However, Bronzeville’s status as a thriving economically diverse community was dealt a blow beginning in the 1930s. The Great Depression brought wide-scale unemployment to the neighborhood and the closure of many black-run businesses and financial institutions. Post-World War II housing policies further weakened its economic base. Large swathes of Bronzeville’s housing stock were demolished, replaced with dense clusters of public housing. Easing segregation policies in the 1950s and 1960s also allowed middle and upper-class black residents to move from the overpopulated area, leaving behind a disproportionately low-income community with high unemployment and high crime rates. In 1962, the Dan Ryan Expressway opened on Bronzeville’s western border, physically and economically isolating the community from other neighborhoods and perpetuating a cycle of disinvestment, decline, and urban renewal efforts to combat those trends that in many ways continue to this day.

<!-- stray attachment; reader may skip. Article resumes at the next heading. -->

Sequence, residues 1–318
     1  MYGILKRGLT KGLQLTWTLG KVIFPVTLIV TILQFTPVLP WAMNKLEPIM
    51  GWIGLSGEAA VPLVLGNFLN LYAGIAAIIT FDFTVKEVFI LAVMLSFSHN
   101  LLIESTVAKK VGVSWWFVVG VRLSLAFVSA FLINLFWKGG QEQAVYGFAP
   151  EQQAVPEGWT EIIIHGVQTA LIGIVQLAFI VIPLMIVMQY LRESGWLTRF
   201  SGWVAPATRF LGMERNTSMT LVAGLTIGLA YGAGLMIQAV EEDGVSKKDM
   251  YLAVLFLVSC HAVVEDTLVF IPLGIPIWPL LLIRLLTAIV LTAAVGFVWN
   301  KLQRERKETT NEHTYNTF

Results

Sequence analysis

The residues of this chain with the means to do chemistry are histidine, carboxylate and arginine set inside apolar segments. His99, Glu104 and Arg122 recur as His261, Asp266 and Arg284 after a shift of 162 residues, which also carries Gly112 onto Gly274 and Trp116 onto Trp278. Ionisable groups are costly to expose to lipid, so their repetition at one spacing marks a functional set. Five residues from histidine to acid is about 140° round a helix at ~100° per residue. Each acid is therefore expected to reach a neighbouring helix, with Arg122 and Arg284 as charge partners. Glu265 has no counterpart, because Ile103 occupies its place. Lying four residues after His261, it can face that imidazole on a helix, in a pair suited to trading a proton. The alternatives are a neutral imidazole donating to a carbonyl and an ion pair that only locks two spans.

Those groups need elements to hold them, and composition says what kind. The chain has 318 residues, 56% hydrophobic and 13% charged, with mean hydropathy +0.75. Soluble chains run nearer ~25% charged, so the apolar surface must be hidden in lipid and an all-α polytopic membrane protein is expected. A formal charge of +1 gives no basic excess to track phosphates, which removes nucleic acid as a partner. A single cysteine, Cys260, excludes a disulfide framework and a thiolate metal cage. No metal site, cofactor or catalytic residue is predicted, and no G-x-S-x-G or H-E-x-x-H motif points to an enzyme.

In the 1950s and 1960s, 7,000 units of public housing were built to accommodate the neighborhood’s growing population. Initially, these new buildings were beacons of hope to Bronzeville’s low-income population. In addition to the stable housing they offered, these units facilitated a kind of intentional community building, providing public spaces for congregating, playgrounds for children, and greenspace for residents to enjoy. However, poor maintenance, disinvestment, and neglectful bureaucracy reduced many of these structures into magnets for crime, and their names—the Robert Taylor Homes, Stateway Gardens, the Ida B. Wells Homes—became synonymous with urban blight. Ultimately, the city gave up on its high-rise public housing experiment. In 1999, the Chicago Housing Authority’s “Plan for Transformation” began a large-scale demolition process that promised to replace the worst of the high-rise public housing units with mixed-income communities.